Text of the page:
You see the letters ICT everywhere - particularly in education. But what does it mean? Read our introduction to this important and fast-changing subject.
ICT is an acronym that stands for Information Communications Technology.
However, apart from explaining an acronym, there's no universally accepted defininition of ICT. Why? Because the concepts, methods and applications involved in ICT are constantly evolving on an almost daily basis and it's difficult to keep up.
A good way to think about ICT is to consider all uses of digital technology that exist to help individuals, businesses and organisations use information. ICT covers any product that will store, retrieve, manipulate, transmit or receive information electronically in a digital form. For example, personal computers, digital television, email, robots.
So ICT is concerned with the storage, retrieval, manipulation, transmission or receipt of digital data. Importantly, it is also concerned with the way these different uses can work with each other.
In business, ICT is often categorised into two broad types of product:
Let's take a brief look at these two categories to demonstrate the kinds of products and ideas that are covered by ICT:
Word processing: eg MS Word to write letters, reports etc
Spreadsheets: eg MS Excel to analyse financials, calculations, create forecasting models etc
Database software: eg Oracle/MS SQL Server/Access to manage date in many forms from basic lists (eg customer contacts to catalogues)
Presentation software: eg MS Powerpoint to make presentations
Desktop publishing: eg Adobe Indesign/Quark Express/MS Publisher to produce newsletters, magazines and other complex documents
Graphics software: eg Adobe Photoshop and Illustrator to create and edit images such as logos, drawing or pictures for use in DTP, websites or other publications.
Accounting package: eg Sage/Oracle to manage an organisations accounts
Computer Aided Design (CAD): to assist the design process. Specialist programmes exist for many times of design such as architectural, engineering, electronics and roadways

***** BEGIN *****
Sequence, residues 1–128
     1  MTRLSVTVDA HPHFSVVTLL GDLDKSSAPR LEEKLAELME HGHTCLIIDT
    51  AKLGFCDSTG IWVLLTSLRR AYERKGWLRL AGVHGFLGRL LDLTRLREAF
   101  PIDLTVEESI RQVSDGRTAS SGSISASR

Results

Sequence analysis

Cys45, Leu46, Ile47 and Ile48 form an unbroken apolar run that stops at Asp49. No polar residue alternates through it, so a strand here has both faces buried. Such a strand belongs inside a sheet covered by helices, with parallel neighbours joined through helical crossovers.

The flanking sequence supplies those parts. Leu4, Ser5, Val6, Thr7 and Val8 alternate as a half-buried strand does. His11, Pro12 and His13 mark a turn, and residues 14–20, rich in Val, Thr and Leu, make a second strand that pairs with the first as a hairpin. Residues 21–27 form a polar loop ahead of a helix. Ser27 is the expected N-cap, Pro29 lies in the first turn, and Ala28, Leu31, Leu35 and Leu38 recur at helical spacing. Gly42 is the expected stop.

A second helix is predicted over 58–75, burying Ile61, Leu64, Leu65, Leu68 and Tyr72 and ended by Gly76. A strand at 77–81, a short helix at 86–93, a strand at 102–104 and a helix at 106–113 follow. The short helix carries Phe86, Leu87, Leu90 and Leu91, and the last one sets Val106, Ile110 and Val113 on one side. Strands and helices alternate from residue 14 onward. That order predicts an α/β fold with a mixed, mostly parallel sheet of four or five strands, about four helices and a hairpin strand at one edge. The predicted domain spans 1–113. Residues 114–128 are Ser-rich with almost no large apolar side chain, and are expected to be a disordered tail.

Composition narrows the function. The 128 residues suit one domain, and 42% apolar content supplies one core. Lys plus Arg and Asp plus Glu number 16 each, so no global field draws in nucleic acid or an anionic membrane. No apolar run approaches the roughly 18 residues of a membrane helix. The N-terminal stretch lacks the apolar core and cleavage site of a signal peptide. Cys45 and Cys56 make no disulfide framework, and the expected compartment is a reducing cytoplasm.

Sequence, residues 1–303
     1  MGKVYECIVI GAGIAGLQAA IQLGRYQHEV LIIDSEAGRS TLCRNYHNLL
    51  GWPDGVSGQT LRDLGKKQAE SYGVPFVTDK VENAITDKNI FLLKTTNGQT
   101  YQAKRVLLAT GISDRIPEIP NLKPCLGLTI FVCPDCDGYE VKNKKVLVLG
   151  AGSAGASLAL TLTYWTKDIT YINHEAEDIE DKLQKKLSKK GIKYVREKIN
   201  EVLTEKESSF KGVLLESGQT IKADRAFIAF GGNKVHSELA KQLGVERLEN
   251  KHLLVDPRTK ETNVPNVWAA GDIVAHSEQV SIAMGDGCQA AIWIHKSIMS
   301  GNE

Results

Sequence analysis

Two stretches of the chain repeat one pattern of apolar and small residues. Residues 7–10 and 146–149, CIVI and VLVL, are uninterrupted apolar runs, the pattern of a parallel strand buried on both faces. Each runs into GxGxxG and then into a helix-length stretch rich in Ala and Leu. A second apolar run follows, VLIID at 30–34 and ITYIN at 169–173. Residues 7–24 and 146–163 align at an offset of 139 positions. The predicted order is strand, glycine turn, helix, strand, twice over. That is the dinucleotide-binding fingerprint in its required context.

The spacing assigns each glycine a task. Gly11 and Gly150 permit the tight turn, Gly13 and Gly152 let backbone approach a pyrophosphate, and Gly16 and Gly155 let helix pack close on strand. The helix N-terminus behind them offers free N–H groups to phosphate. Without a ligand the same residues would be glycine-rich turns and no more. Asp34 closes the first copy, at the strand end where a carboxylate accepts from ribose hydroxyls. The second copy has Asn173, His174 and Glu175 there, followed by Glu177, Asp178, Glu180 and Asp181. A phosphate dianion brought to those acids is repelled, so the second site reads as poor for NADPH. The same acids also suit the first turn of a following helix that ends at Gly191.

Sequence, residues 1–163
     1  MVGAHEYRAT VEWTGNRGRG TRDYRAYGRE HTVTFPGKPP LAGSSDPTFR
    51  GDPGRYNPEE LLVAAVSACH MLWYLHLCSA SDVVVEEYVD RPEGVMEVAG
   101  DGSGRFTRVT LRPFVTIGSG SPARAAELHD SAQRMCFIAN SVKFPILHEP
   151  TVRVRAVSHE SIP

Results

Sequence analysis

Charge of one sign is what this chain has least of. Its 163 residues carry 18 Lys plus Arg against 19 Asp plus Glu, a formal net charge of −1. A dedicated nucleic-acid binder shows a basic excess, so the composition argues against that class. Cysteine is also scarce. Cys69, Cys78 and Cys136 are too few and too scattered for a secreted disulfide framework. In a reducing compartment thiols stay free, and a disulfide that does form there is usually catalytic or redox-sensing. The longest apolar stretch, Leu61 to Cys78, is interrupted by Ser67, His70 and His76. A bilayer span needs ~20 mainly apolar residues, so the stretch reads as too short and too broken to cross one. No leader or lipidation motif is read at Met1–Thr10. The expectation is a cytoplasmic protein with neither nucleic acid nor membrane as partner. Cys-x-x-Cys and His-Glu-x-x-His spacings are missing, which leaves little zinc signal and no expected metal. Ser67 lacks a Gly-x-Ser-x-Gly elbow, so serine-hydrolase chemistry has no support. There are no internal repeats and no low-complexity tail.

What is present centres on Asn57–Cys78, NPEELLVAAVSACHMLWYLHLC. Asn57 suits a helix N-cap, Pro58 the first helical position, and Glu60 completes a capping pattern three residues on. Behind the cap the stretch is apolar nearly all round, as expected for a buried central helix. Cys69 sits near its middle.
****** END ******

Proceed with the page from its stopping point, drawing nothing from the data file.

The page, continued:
Customer Relations Management (CRM): to allow businesses to better understand their customers by collecting and analysing data such as their product preferences and buying habits etc. Often linked to software applications that run call centres and loyalty cards, for example
Communication of data by electronic means, usually over some distance is often achieved via networks of sending and receiving equipment, wires and satellite links.
The technologies involved in communication tend to be complex. You certainly don't need to understand them for your ICT course. However, there are aspects of digital communications that you needs to be aware of. These relate primarily to the two types of network and the ways of connecting to the internet. Let's look at these two briefly:
Usually referred to as a local area network (LAN), this involves linking a number of hardware items (input and output devices plus computer processing) together within an office or building.
The aim of a LAN is to be able to share hardware facilities such as printers or scanners, software applications and data. This type of network is invaluable in the office environment where colleagues need to have access to common data or programmes.
Often you need to communicate with someone outside your internal network, in this case you will need to be part of a wide area network (WAN). The internet is the ultimate WAN - it is a vast network of networks.
Your ICT course will almost certainly cover the above examples of ICT in action, perhaps focusing on the use of key applications such as spreadsheets, databases, presentation, graphics and web design software.
It will also consider the following important topics that deal with the way ICT is used and managed in an organisation:
As you can see, ICT is a broad and fast-changing subject. We hope our free study materials (revision notes, quizzes, presentations etc) will help you master IT!